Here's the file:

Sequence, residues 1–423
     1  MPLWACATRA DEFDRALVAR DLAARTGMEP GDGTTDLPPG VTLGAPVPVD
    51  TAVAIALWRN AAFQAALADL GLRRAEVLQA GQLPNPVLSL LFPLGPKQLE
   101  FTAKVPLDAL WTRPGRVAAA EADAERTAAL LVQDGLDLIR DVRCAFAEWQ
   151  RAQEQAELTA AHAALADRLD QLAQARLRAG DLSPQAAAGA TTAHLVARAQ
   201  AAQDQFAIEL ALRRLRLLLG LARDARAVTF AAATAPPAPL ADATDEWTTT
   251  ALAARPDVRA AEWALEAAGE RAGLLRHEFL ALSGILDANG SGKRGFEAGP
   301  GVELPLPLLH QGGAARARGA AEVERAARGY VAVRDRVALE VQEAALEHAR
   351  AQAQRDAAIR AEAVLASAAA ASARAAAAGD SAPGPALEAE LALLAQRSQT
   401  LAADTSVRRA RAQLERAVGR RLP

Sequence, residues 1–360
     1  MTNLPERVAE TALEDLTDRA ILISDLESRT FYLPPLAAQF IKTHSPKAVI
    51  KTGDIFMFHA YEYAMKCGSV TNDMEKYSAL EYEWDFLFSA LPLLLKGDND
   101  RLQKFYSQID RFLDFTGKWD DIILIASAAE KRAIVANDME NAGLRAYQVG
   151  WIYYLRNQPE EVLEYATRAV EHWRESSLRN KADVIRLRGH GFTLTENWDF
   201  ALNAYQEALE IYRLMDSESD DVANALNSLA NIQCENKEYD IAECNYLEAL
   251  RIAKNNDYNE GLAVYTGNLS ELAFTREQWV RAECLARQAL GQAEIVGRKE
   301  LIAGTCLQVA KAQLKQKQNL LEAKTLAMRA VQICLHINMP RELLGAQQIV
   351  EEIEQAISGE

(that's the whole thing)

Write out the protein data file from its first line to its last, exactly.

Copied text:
Sequence, residues 1–423
     1  MPLWACATRA DEFDRALVAR DLAARTGMEP GDGTTDLPPG VTLGAPVPVD
    51  TAVAIALWRN AAFQAALADL GLRRAEVLQA GQLPNPVLSL LFPLGPKQLE
   101  FTAKVPLDAL WTRPGRVAAA EADAERTAAL LVQDGLDLIR DVRCAFAEWQ
   151  RAQEQAELTA AHAALADRLD QLAQARLRAG DLSPQAAAGA TTAHLVARAQ
   201  AAQDQFAIEL ALRRLRLLLG LARDARAVTF AAATAPPAPL ADATDEWTTT
   251  ALAARPDVRA AEWALEAAGE RAGLLRHEFL ALSGILDANG SGKRGFEAGP
   301  GVELPLPLLH QGGAARARGA AEVERAARGY VAVRDRVALE VQEAALEHAR
   351  AQAQRDAAIR AEAVLASAAA ASARAAAAGD SAPGPALEAE LALLAQRSQT
   401  LAADTSVRRA RAQLERAVGR RLP

Sequence, residues 1–360
     1  MTNLPERVAE TALEDLTDRA ILISDLESRT FYLPPLAAQF IKTHSPKAVI
    51  KTGDIFMFHA YEYAMKCGSV TNDMEKYSAL EYEWDFLFSA LPLLLKGDND
   101  RLQKFYSQID RFLDFTGKWD DIILIASAAE KRAIVANDME NAGLRAYQVG
   151  WIYYLRNQPE EVLEYATRAV EHWRESSLRN KADVIRLRGH GFTLTENWDF
   201  ALNAYQEALE IYRLMDSESD DVANALNSLA NIQCENKEYD IAECNYLEAL
   251  RIAKNNDYNE GLAVYTGNLS ELAFTREQWV RAECLARQAL GQAEIVGRKE
   301  LIAGTCLQVA KAQLKQKQNL LEAKTLAMRA VQICLHINMP RELLGAQQIV
   351  EEIEQAISGE